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Additional Pension Or ISA?

Discussion in 'Retirement' started by diddydave, Jan 8, 2020.

  1. diddydave

    diddydave Established commenter

    I've been asked a few times if Additional Pension is a good investment...as ever I don't feel qualified to give a definitive answer to this but offer my analysis for people to make up their own minds...

    To this end I have a spreadsheet that compares buying £1000 worth of additional pension against investing the cost in an ISA. For this comparison I set inflation at 2% and the ISA return at 1.7%. I took a person aged 54 buying NPA60 benefits with the family benefit included.

    A larger gap between inflation and the ISA interest rate favours the additional pension.

    The lump sum invested in the ISA would be 20% less than the cost of the Additional Pension due to tax-relief.


    These are my conclusions:
    • Investing in an ISA means you retain access to the lump sum, and your estate gets it when you die.
    • If you die the family benefits are half the annual amount and end when your beneficiary dies with no lump sum passed on
    • It took 3 years of additional pension benefits (60-63) to exceed the ISAs interest from 8 years (54-63)
    • It took until the age of 82 for the additional pension benefit to return more than the ISA (Initial Capital amount + Interest)
  2. diddydave

    diddydave Established commenter

    Missed one point
    • If you spend the ISA generated interest it will lower the future interest payments, this isn't the case with additional pension benefit payments.
  3. letap

    letap Occasional commenter

    A third option:

    A SIPP - for example with Vanguard:

    I believe the funds within the SIPP can be passed on and you retain the tax efficiency that you have with additional pension contribution within the teachers scheme.

    You could invest in a fund such as this one:

    Mr Money Mustache has some very interesting ideas:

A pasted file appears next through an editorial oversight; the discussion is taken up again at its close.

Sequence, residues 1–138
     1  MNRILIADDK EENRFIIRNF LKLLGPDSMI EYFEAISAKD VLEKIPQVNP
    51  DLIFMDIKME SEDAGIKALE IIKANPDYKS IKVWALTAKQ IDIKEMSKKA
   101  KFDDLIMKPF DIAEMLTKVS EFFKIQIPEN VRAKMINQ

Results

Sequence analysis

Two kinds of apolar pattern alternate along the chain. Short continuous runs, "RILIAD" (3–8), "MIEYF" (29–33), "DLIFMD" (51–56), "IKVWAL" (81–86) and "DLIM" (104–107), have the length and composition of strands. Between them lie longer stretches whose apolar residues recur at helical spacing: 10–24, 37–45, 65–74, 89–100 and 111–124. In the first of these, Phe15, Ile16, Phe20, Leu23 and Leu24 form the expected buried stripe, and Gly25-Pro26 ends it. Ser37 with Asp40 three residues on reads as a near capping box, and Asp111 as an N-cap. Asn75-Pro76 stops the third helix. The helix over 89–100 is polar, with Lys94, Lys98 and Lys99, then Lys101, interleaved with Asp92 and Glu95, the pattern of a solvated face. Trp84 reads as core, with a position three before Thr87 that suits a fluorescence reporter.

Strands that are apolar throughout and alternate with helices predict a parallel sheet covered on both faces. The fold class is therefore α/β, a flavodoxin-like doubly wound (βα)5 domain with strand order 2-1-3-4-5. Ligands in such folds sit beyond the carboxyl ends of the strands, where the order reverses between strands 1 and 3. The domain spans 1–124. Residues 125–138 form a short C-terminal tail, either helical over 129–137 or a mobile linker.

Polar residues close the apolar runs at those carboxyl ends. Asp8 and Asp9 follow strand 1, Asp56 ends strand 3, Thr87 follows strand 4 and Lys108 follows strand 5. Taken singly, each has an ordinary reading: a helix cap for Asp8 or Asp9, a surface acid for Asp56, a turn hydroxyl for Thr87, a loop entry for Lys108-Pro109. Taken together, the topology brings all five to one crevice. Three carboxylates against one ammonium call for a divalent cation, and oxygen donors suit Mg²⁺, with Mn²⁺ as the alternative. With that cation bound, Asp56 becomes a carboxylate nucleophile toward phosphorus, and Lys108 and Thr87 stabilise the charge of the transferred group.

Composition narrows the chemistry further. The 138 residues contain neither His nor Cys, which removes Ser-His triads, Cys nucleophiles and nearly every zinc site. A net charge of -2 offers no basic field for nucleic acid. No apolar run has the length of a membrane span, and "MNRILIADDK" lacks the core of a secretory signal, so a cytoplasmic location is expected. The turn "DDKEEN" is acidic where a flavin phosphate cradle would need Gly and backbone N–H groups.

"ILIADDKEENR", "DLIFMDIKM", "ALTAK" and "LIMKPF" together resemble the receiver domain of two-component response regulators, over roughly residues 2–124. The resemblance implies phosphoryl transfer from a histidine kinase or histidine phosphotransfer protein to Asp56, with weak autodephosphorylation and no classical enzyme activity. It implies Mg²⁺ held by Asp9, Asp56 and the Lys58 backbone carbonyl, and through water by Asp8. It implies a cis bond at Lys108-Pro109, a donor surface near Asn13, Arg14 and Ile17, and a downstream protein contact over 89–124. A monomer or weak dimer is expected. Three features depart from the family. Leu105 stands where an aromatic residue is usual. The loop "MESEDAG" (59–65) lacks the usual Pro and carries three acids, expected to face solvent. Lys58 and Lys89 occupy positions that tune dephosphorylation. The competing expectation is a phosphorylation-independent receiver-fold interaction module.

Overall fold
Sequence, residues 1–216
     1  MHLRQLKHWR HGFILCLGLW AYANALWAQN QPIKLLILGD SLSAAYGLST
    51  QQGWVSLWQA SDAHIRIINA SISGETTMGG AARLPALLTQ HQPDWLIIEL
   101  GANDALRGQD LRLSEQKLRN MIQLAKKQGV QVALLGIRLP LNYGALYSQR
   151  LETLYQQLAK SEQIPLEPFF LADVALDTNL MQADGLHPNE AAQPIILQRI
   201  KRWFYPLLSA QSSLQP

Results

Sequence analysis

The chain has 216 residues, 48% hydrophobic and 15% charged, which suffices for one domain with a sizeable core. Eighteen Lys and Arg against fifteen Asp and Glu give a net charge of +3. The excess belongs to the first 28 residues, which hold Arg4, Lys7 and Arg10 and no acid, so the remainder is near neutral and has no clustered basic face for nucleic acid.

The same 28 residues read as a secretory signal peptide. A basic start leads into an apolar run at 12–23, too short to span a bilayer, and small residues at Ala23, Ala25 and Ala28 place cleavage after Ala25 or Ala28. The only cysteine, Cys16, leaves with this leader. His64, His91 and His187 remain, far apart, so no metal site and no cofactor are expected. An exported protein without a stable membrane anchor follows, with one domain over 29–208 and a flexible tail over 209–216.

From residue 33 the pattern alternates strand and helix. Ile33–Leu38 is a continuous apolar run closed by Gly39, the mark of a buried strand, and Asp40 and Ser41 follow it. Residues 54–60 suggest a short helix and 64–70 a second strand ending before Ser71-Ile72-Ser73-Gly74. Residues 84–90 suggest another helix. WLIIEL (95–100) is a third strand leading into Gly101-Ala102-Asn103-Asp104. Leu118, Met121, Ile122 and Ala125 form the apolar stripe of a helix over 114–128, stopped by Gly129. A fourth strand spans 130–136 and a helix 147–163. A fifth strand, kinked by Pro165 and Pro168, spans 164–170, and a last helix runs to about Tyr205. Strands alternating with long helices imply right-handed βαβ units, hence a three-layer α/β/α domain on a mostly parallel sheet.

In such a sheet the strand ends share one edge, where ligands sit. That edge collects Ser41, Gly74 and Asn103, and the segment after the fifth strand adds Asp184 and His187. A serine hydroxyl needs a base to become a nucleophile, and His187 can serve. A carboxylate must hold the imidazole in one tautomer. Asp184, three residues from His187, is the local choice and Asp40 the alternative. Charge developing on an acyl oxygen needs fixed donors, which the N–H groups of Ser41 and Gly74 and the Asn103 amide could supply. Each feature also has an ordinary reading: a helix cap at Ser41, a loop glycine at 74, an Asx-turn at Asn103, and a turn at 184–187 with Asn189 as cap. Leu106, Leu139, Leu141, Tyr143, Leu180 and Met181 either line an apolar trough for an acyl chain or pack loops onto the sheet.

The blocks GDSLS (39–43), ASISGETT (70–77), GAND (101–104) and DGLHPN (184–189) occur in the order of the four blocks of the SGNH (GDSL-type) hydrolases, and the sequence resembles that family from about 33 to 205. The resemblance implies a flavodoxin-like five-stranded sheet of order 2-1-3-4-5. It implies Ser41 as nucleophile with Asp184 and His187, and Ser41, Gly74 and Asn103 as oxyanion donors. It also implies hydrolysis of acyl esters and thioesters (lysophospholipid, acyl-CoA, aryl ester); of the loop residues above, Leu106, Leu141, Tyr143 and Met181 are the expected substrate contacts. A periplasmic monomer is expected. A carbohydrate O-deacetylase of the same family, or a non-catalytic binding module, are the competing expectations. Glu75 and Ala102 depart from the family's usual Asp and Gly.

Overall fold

4. mustntgrumble

    mustntgrumble New commenter

    Good analysis.

    The problem with ISA's and why they are dying is that you are limited to £20k investment a year. This means at 2% you can only get a £1000 a year return after you have taken three years to invest £50k

    On top of that, all savings in the UK are tax-free up to £1k for most people. A simple savings account is better than an ISA because you can get the money in and out quick.

    Index linking is very important on the additional pension. The world economy does see "corrections" every decade or so with a hike in inflation. These have been better contained recently but even so, we've seen 4% inflation in the last decade. One of these blips can destroy any gains in an ISA and if this happens early on in the cycle then your money is pretty much locked in.

    IMO, if you are above 50 then additional pension (in the final scheme) is a no-brainer. I'm unsure about tapered members but I think the benefit there is still good.

    I spent nearly thirty years using the stockmarket to very good effect. I have been out of it for nearly a decade and that call was right and I don't see things changing. Seriously - avoid the stock market however much a fund manager pretties it up with words like "tax-free". Personally, fixed-rate bonds, savings accounts (and additional pension) is where I am at.
  5. Luvsskiing

    Luvsskiing Occasional commenter

    All good advice from the above. My 2p as someone who retired from full-time teaching at 50 after getting lucky and fortunate with investments: don't pick one or the other. Diversity is the right way to go. That means by all means buy extra blocks of pension but also set up a SIPP and use that, and you might as well have an ISA as well, and if you really are flush with cash, think about a second property. Each has advantages and disadvantages but spreading both your approach to investments and your actual investments means you are less likely to fall foul of law changes, catastrophic events like a stock market crash, an oil war etc.